It is a privilege to jump a horse like him in the big classes and World Cups because I know I will make it through the finish. If I just give him half a decent ride, he’s going to try his heart out and get through, so yeah, I’m very lucky to have a horse like him.

He’s also absolutely beautiful to ride. On the flat, I could probably ride him in a halter. With the jumping, he gets very strong, and he gets very keen and sometimes actually also quite anxious, but maybe that is because of me as well? I also get very nervous, and I’m not as cool, calm and collected as other riders, and that can make him quite anxious and strong.

HQ: Do you have any tips or tricks for dealing with anxiety?

Jeanne: I work a lot on getting both him and me in calm spaces. Around corners, I try to take deep breaths and talk to him, and that seems to be working. This has been the best year we have had so far, with quite a few podium finishes, and I feel like we still have a lot more to achieve together.

I have also been working with a lady who doesn’t like to be called a life coach but helps me mentally with dealing with stuff in life – family, work and sport. She helps with my riding to try and stay calm and stay focused. Horse riding has got a hell of a lot of highs and lows – the highs are unreal, and you can have an amazing competition, and it can keep you going for six months to a year even, but there are a lot of lows and disappointments too like if you have an injured horse or you have that last pole down in a jump-off with the fastest time. I’ve had that many times; it’s super disappointing, and she’s really helped me with dealing with that and staying positive and focusing on the good things, and it really helps me a lot.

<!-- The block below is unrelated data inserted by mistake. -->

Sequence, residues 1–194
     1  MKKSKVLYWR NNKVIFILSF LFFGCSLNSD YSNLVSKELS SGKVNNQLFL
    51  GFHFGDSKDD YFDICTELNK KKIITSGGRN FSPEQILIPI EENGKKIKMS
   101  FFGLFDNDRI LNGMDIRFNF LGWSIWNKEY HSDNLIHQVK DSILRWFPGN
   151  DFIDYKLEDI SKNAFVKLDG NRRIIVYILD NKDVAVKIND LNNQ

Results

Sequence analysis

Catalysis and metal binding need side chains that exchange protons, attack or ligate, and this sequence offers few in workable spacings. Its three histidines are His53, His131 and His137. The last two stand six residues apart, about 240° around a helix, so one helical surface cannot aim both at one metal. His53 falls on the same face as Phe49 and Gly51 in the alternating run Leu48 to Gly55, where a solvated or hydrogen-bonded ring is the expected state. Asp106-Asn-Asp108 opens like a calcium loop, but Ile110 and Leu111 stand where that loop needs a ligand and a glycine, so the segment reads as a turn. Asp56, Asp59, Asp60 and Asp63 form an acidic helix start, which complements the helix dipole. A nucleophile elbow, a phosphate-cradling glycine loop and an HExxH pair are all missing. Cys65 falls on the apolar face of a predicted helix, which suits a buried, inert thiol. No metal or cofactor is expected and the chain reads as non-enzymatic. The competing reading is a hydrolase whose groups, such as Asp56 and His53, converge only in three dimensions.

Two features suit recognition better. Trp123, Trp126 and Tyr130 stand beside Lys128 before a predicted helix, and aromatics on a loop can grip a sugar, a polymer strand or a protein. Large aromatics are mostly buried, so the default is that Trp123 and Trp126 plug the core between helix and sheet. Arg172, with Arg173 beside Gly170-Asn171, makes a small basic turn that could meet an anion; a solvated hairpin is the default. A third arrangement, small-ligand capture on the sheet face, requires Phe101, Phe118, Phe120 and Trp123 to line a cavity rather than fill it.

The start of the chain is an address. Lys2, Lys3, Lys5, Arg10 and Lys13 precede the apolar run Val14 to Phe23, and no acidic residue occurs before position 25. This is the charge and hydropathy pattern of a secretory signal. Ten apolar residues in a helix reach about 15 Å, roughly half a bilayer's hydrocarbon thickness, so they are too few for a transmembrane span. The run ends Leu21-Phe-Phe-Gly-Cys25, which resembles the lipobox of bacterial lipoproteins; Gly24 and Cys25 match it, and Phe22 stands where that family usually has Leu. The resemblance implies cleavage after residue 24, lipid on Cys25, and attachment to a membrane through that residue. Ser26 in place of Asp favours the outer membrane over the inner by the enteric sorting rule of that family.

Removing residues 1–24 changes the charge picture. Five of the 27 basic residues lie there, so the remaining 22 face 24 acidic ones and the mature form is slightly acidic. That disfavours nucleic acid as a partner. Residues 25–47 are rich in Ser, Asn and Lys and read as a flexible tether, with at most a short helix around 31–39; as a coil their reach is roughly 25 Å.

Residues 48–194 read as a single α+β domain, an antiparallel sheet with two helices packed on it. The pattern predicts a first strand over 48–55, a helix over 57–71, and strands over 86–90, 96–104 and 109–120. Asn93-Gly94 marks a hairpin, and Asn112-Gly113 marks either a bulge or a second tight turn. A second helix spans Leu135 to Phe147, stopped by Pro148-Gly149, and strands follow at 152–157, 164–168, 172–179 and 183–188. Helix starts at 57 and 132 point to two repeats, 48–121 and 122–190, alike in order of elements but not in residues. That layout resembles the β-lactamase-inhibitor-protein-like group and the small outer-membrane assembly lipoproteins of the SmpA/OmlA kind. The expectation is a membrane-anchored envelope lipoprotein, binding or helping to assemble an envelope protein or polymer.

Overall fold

HQ: Any tips for riders planning on doing a Big Derby?

Jeanne: You definitely need to feel like you are sitting on a horse that can do it, one that has the ability to do it and also is brave enough to do it. It’s a very big track; it’s hectic on the rider and the horse and on the day as there’s that added pressure of the crowds and everything that comes with it. It is exhilarating, and it’s exciting and amazing, but it’s also incredibly stressful and creates a lot of anxiety, so I would say you definitely need to put in the work at home building up to Derby.

I would recommend that you go and do the training; you can’t overdo it! Even though Lexington is super brave and has done Derby three times, I think we did three sessions – one with him at Chatan’s place, once at Dunblane, and then once at Bryce McCall’s. At home, we’ve also put up a couple of Derby-type fences. It’s better to do bits of Derby stuff regularly to make sure that you and the horse feel confident and prepared. You don’t want to get into the arena and feel like you could have trained this a bit more or that a bit more. If you feel confident that your horse knows the obstacles and they feel confident, it just makes it much easier on the last day.